# Homework Help: I really need help as soon as possible

1. Oct 27, 2013

### Alexandra7

I really need help. All the information is on that link.

I've spent 30 minutes or so trying to figure this out but I can't and I'm starting to get really upset.

If you guys can find the value of k, I can take it from there. I just have no idea how to find k and it's stressing me out so much.

2. Oct 27, 2013

### Simon Bridge

Welcome to PF;
... is there a special meaning for the capitalization?
Assuming none:

Consider the two planes that do not have k in them - they must intersect along a line right?
What does the third plane have to avoid doing to make all three intersect at a point?

3. Oct 27, 2013

### Alexandra7

No, no meaning for caps.

I actually did consider them. My problem is, what do I do with that idea? How do I solve k based on that? Like I've tried everything and I'm just about to break because I need to know this. My teacher has never given us a question like this so I feel rather hopeless as much as I love this course.

4. Oct 27, 2013

### Alexandra7

Oh and all three planes when using n1 x n2 • n3 must equal 0 and be coplanar. If it does not equal 0, then it intersects at a single point. Again, I just don't know how to find K. I've tried dot product, linear equations, etc

5. Oct 27, 2013

### Simon Bridge

... think geometry not algebra!
Start the algebra once you know what you are aiming for.

In general, three planes will have an intersection at a point. i.e. there is one point that is on all three planes.
But they don't have to. They actually don't have to intersect at all.

Two planes will intersect on a line - with three planes there will be 2 or three lines of intersection (where one plane intersects with one of the others).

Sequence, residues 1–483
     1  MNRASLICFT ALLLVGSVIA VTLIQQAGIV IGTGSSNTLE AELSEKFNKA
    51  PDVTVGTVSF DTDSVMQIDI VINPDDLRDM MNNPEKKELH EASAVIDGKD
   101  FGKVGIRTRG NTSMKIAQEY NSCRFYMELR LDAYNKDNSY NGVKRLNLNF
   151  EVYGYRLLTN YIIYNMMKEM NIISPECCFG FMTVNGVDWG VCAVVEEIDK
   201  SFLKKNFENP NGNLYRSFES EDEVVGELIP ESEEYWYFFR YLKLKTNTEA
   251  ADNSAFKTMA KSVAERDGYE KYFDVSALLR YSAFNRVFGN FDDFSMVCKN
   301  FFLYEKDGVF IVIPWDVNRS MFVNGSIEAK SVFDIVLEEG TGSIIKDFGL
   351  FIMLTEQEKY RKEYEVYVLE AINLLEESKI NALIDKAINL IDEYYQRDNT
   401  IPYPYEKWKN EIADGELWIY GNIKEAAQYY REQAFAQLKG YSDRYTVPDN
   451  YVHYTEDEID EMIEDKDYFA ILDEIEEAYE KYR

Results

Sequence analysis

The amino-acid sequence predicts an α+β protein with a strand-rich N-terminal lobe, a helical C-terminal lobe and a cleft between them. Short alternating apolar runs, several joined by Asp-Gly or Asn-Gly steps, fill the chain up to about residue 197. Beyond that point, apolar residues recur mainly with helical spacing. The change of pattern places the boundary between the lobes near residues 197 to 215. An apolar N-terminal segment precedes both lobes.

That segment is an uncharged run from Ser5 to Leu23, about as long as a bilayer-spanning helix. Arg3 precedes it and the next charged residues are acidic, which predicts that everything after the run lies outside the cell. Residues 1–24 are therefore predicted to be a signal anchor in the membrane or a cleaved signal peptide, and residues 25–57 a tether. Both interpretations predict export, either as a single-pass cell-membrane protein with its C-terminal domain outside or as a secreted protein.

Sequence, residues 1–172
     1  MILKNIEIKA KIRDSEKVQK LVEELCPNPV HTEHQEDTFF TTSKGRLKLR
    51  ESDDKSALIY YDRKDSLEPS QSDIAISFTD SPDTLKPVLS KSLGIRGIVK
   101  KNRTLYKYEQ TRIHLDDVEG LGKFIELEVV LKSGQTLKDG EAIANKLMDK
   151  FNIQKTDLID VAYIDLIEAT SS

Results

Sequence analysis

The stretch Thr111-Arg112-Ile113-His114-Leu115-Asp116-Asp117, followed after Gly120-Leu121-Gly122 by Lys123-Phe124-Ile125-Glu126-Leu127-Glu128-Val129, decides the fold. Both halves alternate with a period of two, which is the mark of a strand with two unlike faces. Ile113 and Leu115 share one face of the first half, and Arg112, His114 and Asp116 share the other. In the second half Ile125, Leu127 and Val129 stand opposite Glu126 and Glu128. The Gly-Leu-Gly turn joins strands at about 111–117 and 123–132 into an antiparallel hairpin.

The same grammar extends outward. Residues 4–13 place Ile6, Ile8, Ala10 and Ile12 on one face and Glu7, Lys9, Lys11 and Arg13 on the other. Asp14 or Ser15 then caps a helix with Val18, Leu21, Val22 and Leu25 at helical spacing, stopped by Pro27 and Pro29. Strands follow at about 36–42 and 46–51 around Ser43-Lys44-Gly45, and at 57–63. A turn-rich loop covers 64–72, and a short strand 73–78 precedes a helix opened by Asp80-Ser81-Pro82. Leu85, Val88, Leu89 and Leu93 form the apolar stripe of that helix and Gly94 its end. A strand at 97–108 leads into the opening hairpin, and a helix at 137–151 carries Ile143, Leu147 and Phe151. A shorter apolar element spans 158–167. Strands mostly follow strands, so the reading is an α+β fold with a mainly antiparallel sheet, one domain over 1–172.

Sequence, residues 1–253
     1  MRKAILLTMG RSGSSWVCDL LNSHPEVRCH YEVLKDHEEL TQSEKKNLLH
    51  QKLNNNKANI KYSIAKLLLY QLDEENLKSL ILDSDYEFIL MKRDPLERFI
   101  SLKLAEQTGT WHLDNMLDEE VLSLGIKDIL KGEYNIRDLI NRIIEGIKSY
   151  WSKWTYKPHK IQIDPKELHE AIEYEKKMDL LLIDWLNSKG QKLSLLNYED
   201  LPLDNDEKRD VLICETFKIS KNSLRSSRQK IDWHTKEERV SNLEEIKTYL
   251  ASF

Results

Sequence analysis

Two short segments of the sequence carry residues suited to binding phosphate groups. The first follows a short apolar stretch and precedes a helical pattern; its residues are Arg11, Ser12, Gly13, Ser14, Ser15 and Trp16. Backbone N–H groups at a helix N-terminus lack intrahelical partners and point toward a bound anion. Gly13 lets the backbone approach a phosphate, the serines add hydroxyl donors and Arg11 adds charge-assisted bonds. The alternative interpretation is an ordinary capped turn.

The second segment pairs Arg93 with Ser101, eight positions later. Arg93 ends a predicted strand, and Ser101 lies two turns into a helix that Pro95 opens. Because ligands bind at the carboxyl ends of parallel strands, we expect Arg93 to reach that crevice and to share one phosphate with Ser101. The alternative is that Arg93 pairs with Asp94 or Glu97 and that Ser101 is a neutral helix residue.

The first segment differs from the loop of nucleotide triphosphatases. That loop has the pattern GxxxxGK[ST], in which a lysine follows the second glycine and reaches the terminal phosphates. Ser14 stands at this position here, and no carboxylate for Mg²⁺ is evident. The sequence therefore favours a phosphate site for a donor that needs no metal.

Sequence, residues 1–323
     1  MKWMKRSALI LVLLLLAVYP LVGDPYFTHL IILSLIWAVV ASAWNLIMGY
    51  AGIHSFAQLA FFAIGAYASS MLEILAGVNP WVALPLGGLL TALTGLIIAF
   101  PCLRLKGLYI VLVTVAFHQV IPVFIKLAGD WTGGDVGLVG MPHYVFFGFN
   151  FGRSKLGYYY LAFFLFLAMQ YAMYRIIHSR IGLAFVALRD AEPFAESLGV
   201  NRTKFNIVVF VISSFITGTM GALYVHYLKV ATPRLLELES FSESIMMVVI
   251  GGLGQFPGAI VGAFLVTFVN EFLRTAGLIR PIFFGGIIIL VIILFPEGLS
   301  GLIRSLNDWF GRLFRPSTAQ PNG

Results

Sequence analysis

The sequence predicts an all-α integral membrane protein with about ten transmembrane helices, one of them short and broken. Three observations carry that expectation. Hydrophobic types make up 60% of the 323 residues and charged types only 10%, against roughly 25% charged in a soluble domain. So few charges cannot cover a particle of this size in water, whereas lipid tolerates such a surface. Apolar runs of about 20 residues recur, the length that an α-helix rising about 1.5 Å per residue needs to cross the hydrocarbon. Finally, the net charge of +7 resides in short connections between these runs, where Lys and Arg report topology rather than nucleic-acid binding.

In your problem you have two planes that intersect (in a line) so you can't do anything about that.

You have a third plane whose orientation you get to change by changing the variable k.

You have to use your imagination - or get some bits of stiff card and hold them up at different angles.

[edit: and try not to get impatient - I'm typing as fast as I can :( ]

6. Oct 27, 2013

### Alexandra7

Only problem is, I've only been taught to solve with algebra. It tried putting x=0 and solve for x, z = 0 and solve for z, then sub in x and z into equation 2 and try to solve for k, but it's no good!

7. Oct 27, 2013

### Simon Bridge

Do you not know what a plane looks like?
Can you not imagine a couple of planes in space?
If you do not, and cannot, I cannot help you.

You have to know what the equations mean!

8. Oct 28, 2013

### Alexandra7

I figured it out. K=4

Thanks for your help, I guess..

9. Oct 28, 2013

### nasu

It looks like all she cares about is the answer. It does not matter what this means.

10. Oct 28, 2013

### Simon Bridge

That's great!
Do you know why k=4?

I never even got that far because you indicated you didn't want to go there.

You understand that we cannot do your homework for you?
Instead we have to sort-of nudge you onto the right track.

Good luck.